New in Toronto real estate: INDX condos
After a number of false starts, construction looks like it will actually happen at 70 Temperance. Lifetime Developments and CenterCourt Developments have collaborated to create a massive residential tower at Bay and Adelaide, which will be located right next to the historic Graphic Arts Building. INDX Condos will have everything from a tasting room to a poker lounge, with a wine fridge in every suite and a direct connection to the downtown PATH. Needless to say, INDX is after the (single?) urban professional; he who doesn't mind the sound of traffic as his evening lullaby. Here's a closer look at INDX Condos.
Number of units: 798
Number of floors: 54
Unit sizes (in square feet): 361 - 821 (+ penthouses)
Starting price: $260,900
Parking: $69,900 (limited to select suites)
Storage locker: $5,000
Maintenance: $0.50 /sq. ft.
Parking maintenance: $99.95 /mo
Storage locker maintenance: 29.95 /mo
Hydro included?: No
Interior design by: Cecconi Simone
Number of elevators: 5
Amenities: Fitness centre, poker room (yes, really), golf room (again, really), theatre room, guest suites, party room, terrace, 24-hr concierge, car sharing
Expected occupancy: December 2015
For a perfectly placed pied-à-terre, you really can't do better than right at Bay and Adelaide. The target market is terribly apparent, and Lifetime is looking at you suited finance folk. Beyond the 24-hour concierge who receive your dry cleaning and take in your grocery deliveries (no, I'm not kidding), every single unit in INDX comes standard with an undercounter wine fridge.
Because only troglodytes chill their wines in a typical refrigerator. But for the urban professional will little time to commute (or go grocery shopping, for that matter), INDX seems to have covered all the right bases. Recognizing the importance of keeping the chardonnay separate from the Cheez Whiz is just an added bonus.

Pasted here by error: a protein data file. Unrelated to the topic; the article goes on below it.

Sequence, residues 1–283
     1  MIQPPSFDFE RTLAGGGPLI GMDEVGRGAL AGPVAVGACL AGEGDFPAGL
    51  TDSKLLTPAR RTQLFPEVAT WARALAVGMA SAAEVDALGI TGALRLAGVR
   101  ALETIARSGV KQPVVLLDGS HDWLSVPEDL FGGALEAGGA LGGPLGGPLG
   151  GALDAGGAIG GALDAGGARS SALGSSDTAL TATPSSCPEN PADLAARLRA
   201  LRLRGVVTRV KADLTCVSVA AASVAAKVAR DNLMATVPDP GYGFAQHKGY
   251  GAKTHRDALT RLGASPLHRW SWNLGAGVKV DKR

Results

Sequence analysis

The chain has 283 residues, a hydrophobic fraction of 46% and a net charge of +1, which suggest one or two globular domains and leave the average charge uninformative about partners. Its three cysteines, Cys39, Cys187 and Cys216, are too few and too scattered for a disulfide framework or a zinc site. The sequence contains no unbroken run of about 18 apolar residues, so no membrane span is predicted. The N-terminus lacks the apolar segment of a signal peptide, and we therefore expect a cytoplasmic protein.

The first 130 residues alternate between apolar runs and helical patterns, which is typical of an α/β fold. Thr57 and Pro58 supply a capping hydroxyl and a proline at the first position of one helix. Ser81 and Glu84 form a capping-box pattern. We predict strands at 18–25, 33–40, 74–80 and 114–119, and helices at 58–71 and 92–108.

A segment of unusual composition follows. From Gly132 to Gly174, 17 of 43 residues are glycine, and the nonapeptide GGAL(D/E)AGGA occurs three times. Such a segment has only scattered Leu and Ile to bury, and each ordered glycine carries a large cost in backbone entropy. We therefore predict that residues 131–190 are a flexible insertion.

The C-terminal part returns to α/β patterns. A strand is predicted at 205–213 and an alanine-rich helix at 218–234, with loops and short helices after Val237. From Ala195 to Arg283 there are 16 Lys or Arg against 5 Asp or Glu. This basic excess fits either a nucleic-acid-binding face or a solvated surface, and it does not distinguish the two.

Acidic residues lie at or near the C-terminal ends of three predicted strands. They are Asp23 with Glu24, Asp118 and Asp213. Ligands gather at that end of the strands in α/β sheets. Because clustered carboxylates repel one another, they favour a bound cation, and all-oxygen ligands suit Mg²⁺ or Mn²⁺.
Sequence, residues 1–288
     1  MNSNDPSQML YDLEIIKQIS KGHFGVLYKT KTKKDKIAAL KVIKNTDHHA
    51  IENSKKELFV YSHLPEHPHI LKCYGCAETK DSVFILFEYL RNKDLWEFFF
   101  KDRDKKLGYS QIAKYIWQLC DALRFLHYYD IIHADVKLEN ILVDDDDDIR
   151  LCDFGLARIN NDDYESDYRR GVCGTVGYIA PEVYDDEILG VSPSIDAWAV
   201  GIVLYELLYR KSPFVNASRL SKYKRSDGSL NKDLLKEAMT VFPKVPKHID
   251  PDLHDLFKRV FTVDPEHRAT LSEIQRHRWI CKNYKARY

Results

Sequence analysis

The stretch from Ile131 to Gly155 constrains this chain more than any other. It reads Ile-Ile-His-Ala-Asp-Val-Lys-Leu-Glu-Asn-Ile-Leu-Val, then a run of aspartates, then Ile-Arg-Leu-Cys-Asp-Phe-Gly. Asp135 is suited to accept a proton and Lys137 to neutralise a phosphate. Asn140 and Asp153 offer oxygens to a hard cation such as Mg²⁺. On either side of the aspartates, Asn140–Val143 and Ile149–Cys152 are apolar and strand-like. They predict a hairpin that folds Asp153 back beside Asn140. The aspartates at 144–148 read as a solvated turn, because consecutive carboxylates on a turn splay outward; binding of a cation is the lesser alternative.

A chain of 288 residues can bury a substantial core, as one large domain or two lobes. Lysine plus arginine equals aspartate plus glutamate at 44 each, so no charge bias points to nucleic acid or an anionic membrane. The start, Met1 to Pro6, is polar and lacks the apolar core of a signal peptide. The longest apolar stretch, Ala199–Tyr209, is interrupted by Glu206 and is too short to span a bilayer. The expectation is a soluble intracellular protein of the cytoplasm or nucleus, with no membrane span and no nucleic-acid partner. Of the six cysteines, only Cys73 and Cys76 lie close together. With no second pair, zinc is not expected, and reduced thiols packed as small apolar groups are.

And speaking of bonuses, there is a good chance that you will never, ever have to go outside if you buy a unit at INDX. Hurray for Vitamin D deficiency! But seriously, winter can be awful, but fortunately INDX will be connected to the underground PATH and subway. And that means fewer frantic footwear swaps when you arrive at work and try to hide those dorky snow boots.
INDX's garage will also host a number of car share vehicles, which will provide another option for those 700 or so units that are sold without parking spaces. As Lifetime says in its marketing brochure, "See, you are sooo connected." Did you wince? I did.
Also worth noting is that many of the units (especially those facing north) should have pretty stellar views. Especially once you cross the halfway-up mark. But for those stuck on the fifth floor with barely a view to the next building, there's always the option of resorting to the poker room or golf stimulator. Greener pastures, as they say.
These suites are itty-bitty. Not unexpected for an address at Bay and Adelaide, but not a lot of stretching room all the same. For 500 square feet or more, count on easily forking over $350k. Again, not a problem for a pied-à-terre, but certainly questionable for couples or individuals with extensive wardrobes. And seriously, 740 square feet for a THREE-bedroom unit!? But in this case, I blame Toronto's asinine rules about family-sized downtown units, but I'm not going to head down that road.
Instead, I'll head down the road frequently charted in this series; that of the suite that forgoes functionality in favour of openness. INDX kitchens, like too many other kitchens in Toronto condos, appear ill-suited to actual cooking, with little countertop space and/or storage for dishes and pantry items. Many of floorplans also offer bedrooms that have scant space for a bookshelf or nightstand, with one sliding door (or sometimes, two) closing the space to form an actual "room." Perhaps the urban professional doesn't do a whole lot of cooking and/or bedtime reading, but it would be nice if the space offered the option.
And lastly, let's all put on our architecture caps and pass judgement on the actual aesthetics of the structure (because that's not annoying or troll-like at all, right?). Personally, I think it's sort of tacky when a sleek new structure emerges from and/or alongside a historic Toronto structure. Then again, a historic emulation would probably be just as tacky (not to mention, expensive), so I suppose it's lose/lose.
Anonymous internet commenters (the best kind of commenters) have opined that INDX looks a bit like a USB hub, which is better than my initial assessment of the building as a row of staples. Please weigh in on this most important discussion.
And a note on maintenance; those poker games, nights in the tasting room, and afternoons perfecting your swing will soon catch up with you. Enjoy the low fees while they last.
A solid choice for the anti-cook, anti-snow, wine-guzzling urban professional (now that's a line to put on a dating profile). Can't get better in terms of a central pied-à-terre, though you can certainly get more bang (read: space) for your buck outside of the core.